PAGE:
You are a moth beauty
always hiding
your protrusion of a belly
your wings are dusty
and you are greedy.

Or at least this is what we’re taught
but maybe you’re just empty
so empty you’d consume yourself
if you ran out of victims
like The Yellow Submarine vacuum sea monster.

When my brothers and I caught that film on tape
the images of psychedelic fireflies captured under glass
we watched it on perpetual rewind for two weeks
until my grandma confiscated our obsession.

But that was before you,
before you took me in
and I learned to keep my Beatles fantasies to myself
an Astrid wannabe afraid to cut her hair
that foursome seemed silly in the face of your
stretch jeans, tasseled leather jacket and Megadeth.

You weren’t afraid of anyone,
they were afraid of you.

You had a boyfriend in the seventh grade
from another school and dorky too
but nonetheless an accomplishment.

I thought I was just like you
misunderstood, too
I thought I understood you,
you talked about things
girls weren’t supposed to.

I withdrew from the popular girl, Jo
giving me a tour of my new school
to sit with you at the freak table.

I knew I belonged there
beside you, the girl with spazzy hair
who spoke sci-fi and fantasy
I didn’t realize that was all of your language
and you didn’t live in reality.

I learned later you were careless
with everyone’s confessions
you swallowed them down
secreted them into silk
wearing their stories as your own.


Your hair is tinged green
from all the chlorine
you shake off the water
with spit and teeth
castrating the idiots at school
who don’t understand heavy metal
and Anne McCaffrey.

Lounging by my parents’ pool
once plump and spongy
but by eighth grade
you have shed yourself
all the undesirable weight
now you are immune
from doing what is asked of you.

You are no longer a caterpillar
who will drown and bloat
in the shallow bird bath
all your multiplying lies
distend and extend your abdomen
providing you with a surprising buoyancy.

I believed everything you told me
because you were old
and I was not yet young.

Butterflies dance and moths swarm
everyone loves a butterfly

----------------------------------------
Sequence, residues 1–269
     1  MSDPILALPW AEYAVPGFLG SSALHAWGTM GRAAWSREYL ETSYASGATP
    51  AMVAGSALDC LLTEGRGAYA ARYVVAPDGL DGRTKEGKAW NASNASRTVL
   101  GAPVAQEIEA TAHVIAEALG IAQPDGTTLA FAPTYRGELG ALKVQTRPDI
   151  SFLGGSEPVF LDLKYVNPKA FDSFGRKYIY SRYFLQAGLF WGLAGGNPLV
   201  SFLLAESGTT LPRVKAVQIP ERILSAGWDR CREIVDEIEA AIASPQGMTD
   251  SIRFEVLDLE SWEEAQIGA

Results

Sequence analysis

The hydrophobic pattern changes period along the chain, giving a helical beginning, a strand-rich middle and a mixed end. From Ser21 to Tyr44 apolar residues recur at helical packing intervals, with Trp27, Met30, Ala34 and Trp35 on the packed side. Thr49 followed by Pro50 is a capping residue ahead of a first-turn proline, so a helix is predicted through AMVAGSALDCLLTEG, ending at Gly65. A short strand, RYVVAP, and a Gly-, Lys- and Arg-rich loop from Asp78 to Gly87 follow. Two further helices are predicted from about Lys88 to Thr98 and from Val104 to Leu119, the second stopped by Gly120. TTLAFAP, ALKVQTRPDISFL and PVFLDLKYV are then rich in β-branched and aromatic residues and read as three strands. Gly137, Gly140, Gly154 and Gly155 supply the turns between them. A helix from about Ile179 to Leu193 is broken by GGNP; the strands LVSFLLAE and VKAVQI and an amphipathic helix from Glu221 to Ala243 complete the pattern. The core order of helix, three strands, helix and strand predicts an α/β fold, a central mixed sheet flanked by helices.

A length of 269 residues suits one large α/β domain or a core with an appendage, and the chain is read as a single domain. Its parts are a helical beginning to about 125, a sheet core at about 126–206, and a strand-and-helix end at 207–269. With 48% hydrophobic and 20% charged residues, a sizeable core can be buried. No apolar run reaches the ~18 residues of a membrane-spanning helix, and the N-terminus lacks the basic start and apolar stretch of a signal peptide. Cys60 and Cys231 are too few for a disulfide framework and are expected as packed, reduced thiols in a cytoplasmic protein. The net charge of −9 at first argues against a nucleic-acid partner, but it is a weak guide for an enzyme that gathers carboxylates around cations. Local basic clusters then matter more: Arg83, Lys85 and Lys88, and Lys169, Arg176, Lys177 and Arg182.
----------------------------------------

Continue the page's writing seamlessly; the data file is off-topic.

and everyone wants a moth to die.


You said you were homeless
in Morristown the summer before
junior year
but that was Chrissy,
her face dented in,
her tough hair peppered with spray paint
but her fragility was wet to touch.

Your boyfriend died, you lied
but he wasn’t yours
he was your other best friend, Rachel’s
and you tried to get with him
in the far back of my parents’ Oldsmobile
after they picked us up from ski club.

You kept trying to straddle him
but he kept throwing you off.

You showed up to his funeral
with a skirt slit to a very short there
with enviable legs, you wept prodigiously
your lies were always of abnormal size.

Later you wept that your sister died
but your sister was still alive
that was Shelly’s sister
your sister was slow and lived in a special home
you didn’t want anyone to know.

I don’t know how many other stories you stole
I believed everything you told me
because you were old
and I was not yet young.


You confessed you were molested
with hot breath
but you were never molested
by anyone you didn’t want.

When you steal my story
be sure to check your facts
but fiction was your facts.

And you got my details wrong
when you decided to spill my guts for me
telling a whole captive audience
at the Dobbs Ferry Poetry festival
that my grandfather had touched me.

But it wasn’t him
those details were important to me
but they weren’t to you
because they weren’t yours
you could pick and choose
what to take
and what to fabricate
I felt like breaking.

It’s okay to feel dead sometimes.